I stood at Flossenburg recording the silence at the grounds of the former concentration camp. After I was done, in the distance, I heard the sound of children playing. I didn’t make much of it, until I realised that many post-war houses here are built on the former camp grounds. Families. Life proceeding. The camp is of course monument, remembrance, as it should be. But those houses are a powerful statement: here is life, and it chooses to go on. The simple act of living being perhaps another kind of ‘acte de défi’ in opposition to this camp’s purpose: to destroy life.
But indeed, on to lighter thoughts.
Per your advice I started reading “Tokyo Year Zero” by David Peace, and – the heavy topic aside – I’m very much taken by his style. He captures the intricacies of Japanese culture that I’ve encountered many times on my travels to Japan. His novel also made me think of Watabe Yukichi’s wonderful book “A criminal investigation”, which also explores post-war Tokyo, but through images.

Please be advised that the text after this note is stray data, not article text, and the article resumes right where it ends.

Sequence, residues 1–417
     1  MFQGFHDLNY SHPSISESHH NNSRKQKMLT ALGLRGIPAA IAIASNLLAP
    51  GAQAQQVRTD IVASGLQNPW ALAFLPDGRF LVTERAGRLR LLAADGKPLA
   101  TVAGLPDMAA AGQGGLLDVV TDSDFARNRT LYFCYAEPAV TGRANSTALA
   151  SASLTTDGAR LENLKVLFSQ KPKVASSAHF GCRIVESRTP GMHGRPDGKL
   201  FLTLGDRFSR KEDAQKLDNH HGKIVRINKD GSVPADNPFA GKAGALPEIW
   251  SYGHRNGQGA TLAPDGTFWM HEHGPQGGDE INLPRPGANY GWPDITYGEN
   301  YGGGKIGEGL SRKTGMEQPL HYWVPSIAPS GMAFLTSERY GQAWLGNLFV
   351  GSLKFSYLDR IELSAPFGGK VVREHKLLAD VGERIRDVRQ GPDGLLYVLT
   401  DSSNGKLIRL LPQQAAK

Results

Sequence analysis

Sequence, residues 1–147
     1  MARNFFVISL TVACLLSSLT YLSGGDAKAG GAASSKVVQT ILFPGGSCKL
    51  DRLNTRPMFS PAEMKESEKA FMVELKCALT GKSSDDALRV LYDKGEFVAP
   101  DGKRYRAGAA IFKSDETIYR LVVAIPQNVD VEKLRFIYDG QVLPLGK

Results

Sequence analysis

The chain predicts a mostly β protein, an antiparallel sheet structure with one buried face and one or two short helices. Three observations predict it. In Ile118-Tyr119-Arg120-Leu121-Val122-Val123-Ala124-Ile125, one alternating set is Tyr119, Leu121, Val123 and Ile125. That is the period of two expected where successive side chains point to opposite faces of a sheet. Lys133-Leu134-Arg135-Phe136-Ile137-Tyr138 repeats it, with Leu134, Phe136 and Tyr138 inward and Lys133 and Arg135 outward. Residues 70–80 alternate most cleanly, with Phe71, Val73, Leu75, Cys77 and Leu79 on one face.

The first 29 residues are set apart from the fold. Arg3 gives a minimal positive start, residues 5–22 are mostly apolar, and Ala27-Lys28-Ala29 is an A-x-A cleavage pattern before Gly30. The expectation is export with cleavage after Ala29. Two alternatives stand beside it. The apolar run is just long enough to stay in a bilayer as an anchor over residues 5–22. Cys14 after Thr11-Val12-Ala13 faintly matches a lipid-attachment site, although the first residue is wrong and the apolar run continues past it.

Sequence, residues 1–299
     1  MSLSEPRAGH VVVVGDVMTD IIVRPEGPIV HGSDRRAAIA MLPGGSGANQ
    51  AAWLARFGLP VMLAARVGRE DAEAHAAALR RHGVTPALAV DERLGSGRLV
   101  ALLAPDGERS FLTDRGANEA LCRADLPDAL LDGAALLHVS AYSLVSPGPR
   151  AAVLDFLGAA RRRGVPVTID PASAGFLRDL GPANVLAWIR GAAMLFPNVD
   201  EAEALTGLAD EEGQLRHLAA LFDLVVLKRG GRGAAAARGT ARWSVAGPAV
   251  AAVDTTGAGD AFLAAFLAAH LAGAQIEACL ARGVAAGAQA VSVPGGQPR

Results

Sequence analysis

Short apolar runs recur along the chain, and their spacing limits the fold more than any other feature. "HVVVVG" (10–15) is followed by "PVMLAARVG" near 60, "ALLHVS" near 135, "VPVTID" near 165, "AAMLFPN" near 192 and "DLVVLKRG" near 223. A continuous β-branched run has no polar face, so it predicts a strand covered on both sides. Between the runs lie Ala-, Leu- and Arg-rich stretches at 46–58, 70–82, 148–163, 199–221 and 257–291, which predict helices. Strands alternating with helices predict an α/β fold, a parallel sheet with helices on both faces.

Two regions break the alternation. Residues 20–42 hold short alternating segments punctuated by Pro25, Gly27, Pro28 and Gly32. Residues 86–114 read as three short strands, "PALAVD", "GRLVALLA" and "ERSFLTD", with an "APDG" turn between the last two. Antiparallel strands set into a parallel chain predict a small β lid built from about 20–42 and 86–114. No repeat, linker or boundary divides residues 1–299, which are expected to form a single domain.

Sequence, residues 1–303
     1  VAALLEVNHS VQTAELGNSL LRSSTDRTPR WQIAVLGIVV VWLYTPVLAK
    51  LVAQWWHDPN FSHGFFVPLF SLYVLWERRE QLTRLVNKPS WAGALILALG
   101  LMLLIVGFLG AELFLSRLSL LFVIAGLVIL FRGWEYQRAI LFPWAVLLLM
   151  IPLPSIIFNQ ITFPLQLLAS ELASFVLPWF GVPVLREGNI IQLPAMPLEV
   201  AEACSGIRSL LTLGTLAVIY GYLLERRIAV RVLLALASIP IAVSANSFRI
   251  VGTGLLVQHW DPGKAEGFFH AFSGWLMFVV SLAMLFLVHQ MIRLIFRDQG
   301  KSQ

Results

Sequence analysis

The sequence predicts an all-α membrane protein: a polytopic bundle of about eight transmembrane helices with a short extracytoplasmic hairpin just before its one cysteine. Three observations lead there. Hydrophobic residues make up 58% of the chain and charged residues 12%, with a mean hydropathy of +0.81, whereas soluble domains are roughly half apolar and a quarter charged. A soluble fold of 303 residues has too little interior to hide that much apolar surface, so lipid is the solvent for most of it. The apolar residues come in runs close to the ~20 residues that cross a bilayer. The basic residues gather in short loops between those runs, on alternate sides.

And of course, my mind now makes connections between the two. How can I not see Yukichi’s investigator as Peace’s detective Minami. Both about a criminal investigation in post war times. Both are crucial to better understanding a reality. Both driven by a relentless inner voice.
Understanding rooted in experience can’t be replicated. Oddly, in the times I’ve tried virtual reality, I’ve experienced a sense of claustrophobia, but I don’t know whether that’s because I’ve become part of the story, or whether it’s the simulation I’m fleeing. How it feels to find oneself running as a refugee. How it feels to be led into a concentration camp. How it feels to walk through the ruins of a firebombed city.
/// #image_by_image is an ongoing conversation between photographers Ivan Sigal and Anton Kusters. @ivansigal and @antonkusters on Instagram ///